South Korea, North Korea, the United States and China have agreed "in principle" to declare a formal end to the 1950 to 1953 Korean War, South Korean President Moon Jae-in said on Dec. 13, The Guardian reported.
He added that Seoul would push for the declaration to happen, Yonhap News Agency further reported.
Moon was speaking at a joint press conference with Australian Prime Minister Scott Morrison following bilateral summit talks held in Canberra during his four-day visit to Australia.
No peace treaty signed
The Korean War started on Jun. 25, 1950, when North Korean forces, supported by the Soviet Union and China, stormed through the 38th parallel into South Korea, in hopes to unify the Korean peninsular.
The U.S. military joined the South Korean troops and managed to push back North Korean forces.
The conflict was brought to an end as North and South Korea signed the Korean Armistice Agreement on Jul. 27, 1953.
However, no peace treaty was signed between the two countries, and the Korean War officially continues till today.
North's objection to U.S. hostility hampers negotiations
According to Moon, any progress on formally ending the war was held back by North Korea's objections to what they said was U.S.' hostility against them, Forbes reported.
It was against this backdrop that the parties involved were unable to negotiate on the declaration to end the war.
He added that the seven-decade long armistice between the two countries was not stable, and that a formal peace declaration could spur discussions with Pyongyang regarding its nuclear weapons programme, Forbes reported.
North Korea previously rejected idea
This was not the first time Moon has proposed to formally end the Korean War.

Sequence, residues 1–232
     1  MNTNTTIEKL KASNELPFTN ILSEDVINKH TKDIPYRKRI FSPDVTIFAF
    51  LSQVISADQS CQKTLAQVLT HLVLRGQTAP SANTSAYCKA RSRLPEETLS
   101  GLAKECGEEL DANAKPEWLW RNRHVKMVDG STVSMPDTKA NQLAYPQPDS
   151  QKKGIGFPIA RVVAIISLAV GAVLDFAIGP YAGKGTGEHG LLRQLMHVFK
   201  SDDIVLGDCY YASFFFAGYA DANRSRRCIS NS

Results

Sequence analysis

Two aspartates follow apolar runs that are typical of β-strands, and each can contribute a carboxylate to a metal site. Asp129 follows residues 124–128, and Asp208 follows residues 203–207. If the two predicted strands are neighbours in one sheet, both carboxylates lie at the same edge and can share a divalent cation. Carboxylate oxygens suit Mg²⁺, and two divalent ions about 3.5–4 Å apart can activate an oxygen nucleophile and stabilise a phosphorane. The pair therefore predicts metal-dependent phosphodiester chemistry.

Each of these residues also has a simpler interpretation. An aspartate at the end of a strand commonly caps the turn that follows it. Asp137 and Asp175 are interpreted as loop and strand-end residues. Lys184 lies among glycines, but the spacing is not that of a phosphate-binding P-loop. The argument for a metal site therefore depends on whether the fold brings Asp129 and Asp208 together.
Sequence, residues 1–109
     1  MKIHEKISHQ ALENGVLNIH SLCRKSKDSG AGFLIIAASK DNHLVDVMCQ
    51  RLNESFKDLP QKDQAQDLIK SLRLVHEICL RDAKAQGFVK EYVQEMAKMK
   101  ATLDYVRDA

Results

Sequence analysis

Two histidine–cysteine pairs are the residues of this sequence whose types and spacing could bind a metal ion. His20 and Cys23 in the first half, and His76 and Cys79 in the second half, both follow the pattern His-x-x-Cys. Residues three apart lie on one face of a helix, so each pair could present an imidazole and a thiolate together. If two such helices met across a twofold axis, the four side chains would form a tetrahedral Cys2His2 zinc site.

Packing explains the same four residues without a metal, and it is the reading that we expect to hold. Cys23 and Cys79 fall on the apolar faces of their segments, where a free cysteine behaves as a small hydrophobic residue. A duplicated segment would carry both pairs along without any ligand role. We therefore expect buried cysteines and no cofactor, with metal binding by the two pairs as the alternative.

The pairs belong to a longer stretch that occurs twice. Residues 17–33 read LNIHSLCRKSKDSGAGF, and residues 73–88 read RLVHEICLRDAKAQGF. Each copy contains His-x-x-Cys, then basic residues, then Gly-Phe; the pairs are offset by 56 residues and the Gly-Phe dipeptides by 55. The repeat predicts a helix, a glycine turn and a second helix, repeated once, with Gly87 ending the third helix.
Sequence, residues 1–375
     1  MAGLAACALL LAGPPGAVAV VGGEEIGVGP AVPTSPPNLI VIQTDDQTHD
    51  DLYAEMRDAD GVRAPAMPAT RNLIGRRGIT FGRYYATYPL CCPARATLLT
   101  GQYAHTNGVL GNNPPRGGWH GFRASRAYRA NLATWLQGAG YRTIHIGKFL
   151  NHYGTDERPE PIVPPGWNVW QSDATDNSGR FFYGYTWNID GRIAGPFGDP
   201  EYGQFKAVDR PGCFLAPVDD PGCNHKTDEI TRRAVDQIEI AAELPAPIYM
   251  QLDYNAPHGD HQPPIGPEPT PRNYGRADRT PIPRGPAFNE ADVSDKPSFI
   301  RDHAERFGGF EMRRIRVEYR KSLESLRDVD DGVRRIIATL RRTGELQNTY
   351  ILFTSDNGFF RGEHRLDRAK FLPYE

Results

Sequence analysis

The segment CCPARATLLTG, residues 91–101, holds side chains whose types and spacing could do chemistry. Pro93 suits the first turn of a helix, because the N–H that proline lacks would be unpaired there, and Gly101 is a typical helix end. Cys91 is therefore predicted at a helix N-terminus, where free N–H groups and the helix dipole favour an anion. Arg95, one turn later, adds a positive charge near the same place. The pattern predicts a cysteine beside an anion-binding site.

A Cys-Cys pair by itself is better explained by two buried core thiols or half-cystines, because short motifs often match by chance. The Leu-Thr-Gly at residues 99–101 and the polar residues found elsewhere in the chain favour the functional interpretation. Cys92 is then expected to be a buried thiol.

When the proposal was raised in September, Kim Yo Jong, sister of North Korean leader Kim Jong Un, described Moon's proposal as an "admirable idea", but only if Seoul stops its supposed hostility towards Pyongyang, Yonhap News Agency reported.
Kim said that North Korea was willing to discuss improving inter-Korean relations but stressed that the right conditions should be created first before a formal declaration is adopted.
According to her, one of the conditions was the removal of "inveterate hostile policy and unequal double standards" towards the North, Yonhap News Agency reported.
Her statement came after North Korea's vice foreign minister Ri Thae Song described the proposal as "something premature", and that it would only be "nothing more than a scrap of paper" if U.S. hostility against the North remained unchanged.
To engage or not to engage
According to The Guardian, opinion is split in South Korea and the U.S. on whether it's wise to engage with North Korea while the isolated country carries on with its nuclear weapons programme.
While this might encourage North Korea to return to stalled nuclear talks, some thought it would be enabling the regime's provocative behaviour, which might grow even more threatening towards U.S. and South Korea.
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